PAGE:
Image: Colombian former congressmen Oscar Tulio Lizcano
Lizcano Family / Ho  /  EPA file
Former Colombian congressmen Oscar Tulio Lizcano, shown here in a "proof of life" photo from April, was rescued Sunday after eight years in captivity.
updated 10/26/2008 1:28:16 PM ET 2008-10-26T17:28:16

Soldiers on Sunday freed a Colombian lawmaker who'd been held by leftist guerrillas for eight years in the first such hostage rescue since the July liberation of Ingrid Betancourt and three U.S. military contractors.

Oscar Tulio Lizcano, 62, was rescued in an early morning raid in the remote jungle of western province of Choco, said Henry Murillo, the No. 2 official in Caldas province, where the lawmaker was originally abducted.

Details of the rescue from the Revolutionary Armed Forces of Colombia, or FARC, Latin America's last remaining major rebel army, were promised in a news conference scheduled for later Sunday by Defense Minister Juan Manuel Santos.

"He was rescued in an area of thick jungle," the eldest of Lizcano's two sons, Mauricio, told The Associated Press by telephone. He said President Alvaro Uribe called him early Sunday with the news, and said his father was a bit weak.

Martha de Lizcano wept upon being told of her husband's rescue.

"It's been eight years of great suffering," she told Caracol radio.

Presidential spokesman Cesar Velasquez told the AP that the Conservative Party congressman was being flown for a medical exam to the western city of Cali.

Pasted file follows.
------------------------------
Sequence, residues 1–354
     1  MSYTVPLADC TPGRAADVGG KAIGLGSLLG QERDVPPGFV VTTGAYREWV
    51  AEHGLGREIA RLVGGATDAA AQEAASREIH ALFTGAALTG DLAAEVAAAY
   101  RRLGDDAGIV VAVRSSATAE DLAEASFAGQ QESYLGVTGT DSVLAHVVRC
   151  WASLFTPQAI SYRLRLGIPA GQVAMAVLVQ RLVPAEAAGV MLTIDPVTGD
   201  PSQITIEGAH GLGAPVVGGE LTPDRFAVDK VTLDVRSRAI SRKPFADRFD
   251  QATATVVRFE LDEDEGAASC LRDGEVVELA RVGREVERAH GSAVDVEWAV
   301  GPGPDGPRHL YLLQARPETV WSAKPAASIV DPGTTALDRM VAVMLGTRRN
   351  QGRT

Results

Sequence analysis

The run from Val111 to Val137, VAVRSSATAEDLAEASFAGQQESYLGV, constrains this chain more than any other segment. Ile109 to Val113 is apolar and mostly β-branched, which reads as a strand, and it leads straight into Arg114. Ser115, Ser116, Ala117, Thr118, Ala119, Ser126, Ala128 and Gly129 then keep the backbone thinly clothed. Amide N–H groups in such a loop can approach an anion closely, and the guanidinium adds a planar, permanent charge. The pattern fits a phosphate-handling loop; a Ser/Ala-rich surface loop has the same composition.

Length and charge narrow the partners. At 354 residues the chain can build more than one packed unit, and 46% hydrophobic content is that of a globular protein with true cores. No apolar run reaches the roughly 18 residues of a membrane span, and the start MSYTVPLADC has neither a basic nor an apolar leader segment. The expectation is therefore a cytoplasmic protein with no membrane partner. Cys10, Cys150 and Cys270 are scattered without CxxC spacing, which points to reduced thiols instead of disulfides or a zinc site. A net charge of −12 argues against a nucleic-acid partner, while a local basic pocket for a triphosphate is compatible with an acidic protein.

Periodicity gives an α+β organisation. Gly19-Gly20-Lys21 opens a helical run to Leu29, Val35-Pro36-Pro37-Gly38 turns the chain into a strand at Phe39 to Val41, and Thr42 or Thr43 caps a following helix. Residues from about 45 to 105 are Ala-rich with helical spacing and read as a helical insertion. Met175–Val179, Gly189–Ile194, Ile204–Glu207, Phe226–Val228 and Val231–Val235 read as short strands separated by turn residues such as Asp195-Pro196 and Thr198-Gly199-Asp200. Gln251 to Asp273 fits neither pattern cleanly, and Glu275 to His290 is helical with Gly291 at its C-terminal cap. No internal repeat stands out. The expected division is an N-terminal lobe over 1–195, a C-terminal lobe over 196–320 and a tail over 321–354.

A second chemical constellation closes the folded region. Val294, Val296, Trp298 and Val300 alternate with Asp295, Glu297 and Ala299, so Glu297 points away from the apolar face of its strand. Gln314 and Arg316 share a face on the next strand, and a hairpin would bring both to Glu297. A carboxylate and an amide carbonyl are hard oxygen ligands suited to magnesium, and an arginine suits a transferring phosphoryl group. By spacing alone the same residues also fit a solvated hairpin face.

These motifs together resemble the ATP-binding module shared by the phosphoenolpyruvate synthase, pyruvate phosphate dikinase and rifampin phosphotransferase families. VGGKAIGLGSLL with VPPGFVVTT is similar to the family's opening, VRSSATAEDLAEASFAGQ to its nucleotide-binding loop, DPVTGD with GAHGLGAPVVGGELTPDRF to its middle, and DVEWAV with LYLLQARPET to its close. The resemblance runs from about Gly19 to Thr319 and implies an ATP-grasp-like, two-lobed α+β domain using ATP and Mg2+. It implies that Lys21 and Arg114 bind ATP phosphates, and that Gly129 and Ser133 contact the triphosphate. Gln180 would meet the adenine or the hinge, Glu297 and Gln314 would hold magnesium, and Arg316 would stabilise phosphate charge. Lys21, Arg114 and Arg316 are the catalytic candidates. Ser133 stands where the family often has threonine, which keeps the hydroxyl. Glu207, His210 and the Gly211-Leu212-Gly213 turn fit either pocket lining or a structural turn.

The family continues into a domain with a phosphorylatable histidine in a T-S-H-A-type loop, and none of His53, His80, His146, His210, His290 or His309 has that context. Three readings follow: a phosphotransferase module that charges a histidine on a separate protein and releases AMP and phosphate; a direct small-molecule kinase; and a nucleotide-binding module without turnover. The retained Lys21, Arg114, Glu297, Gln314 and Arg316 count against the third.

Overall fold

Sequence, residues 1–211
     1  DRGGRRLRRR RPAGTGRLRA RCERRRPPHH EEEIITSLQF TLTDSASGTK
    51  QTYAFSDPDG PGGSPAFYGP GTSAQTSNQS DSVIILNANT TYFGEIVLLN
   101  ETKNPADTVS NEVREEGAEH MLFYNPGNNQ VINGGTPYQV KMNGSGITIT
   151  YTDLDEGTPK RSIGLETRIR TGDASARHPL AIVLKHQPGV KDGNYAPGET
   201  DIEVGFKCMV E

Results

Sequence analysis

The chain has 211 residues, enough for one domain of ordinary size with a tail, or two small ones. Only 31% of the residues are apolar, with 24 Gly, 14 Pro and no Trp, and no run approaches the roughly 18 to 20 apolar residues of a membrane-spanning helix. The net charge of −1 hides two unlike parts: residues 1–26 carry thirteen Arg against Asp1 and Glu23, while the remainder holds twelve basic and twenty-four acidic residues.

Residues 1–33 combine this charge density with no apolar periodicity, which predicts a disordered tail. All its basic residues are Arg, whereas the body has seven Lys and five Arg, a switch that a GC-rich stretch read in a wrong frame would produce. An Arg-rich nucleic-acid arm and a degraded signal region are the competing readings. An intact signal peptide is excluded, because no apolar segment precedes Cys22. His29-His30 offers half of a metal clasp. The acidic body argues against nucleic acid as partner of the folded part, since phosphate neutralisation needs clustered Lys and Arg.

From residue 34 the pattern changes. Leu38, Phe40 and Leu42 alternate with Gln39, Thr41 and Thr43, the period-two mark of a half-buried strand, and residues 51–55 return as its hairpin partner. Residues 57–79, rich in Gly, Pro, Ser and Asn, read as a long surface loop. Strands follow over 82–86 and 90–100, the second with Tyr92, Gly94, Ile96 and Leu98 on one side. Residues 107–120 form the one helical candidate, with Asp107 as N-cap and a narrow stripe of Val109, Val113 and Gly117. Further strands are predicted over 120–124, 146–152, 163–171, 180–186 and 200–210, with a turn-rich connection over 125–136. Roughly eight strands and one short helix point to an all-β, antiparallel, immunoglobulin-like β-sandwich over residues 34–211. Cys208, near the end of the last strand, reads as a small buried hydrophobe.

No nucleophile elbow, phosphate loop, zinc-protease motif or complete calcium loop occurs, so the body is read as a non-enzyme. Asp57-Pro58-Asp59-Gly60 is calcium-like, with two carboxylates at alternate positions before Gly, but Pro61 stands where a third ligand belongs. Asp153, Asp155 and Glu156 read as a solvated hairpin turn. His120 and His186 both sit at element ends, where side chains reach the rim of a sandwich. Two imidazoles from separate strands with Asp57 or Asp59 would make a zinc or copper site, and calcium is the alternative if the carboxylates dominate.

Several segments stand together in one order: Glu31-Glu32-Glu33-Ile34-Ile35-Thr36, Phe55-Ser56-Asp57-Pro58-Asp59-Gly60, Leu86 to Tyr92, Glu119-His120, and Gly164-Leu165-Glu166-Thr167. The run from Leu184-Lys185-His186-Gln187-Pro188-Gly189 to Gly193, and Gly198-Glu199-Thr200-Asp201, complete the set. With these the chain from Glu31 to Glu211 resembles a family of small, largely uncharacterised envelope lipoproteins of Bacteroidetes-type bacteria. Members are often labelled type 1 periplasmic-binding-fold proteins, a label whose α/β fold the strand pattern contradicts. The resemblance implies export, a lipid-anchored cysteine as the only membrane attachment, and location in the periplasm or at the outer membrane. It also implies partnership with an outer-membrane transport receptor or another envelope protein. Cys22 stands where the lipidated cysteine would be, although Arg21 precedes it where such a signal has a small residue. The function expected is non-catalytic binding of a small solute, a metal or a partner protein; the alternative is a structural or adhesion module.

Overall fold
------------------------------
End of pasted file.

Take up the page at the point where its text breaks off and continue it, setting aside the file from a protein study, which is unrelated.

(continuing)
Kidnapped in 2000
Lizcano was kidnapped on Aug. 5, 2000. Government officials in recent weeks said FARC deserters had reported that his health was delicate, though without offering details.

The rescue comes nearly four months after Betancourt, a dual French national, and the three Americans were freed in a sophisticated ruse engineered with the help of a rebel turncoat in which Colombian military agents posing as humanitarian workers helicoptered 15 FARC-held hostages to freedom without a shot being fired.

In April, the FARC had released a so-called "proof-of-life" video of Lizcano in which he pleaded with Venezuelan President Hugo Chavez to do "the utmost to get us out of here because we are rotting in the jungle."

The FARC still holds at least 20 high-value politicians, police officers and soldiers — including a provincial governor and a police colonel, some of whom have been held for more than a decade.

It has been seriously weakened in the past two years by a military that has been fortified and become more professional and agile under Uribe thanks in considerable measure to U.S. training, advising and intelligence-gathering.

Copyright 2008 The Associated Press. All rights reserved. This material may not be published, broadcast, rewritten or redistributed.


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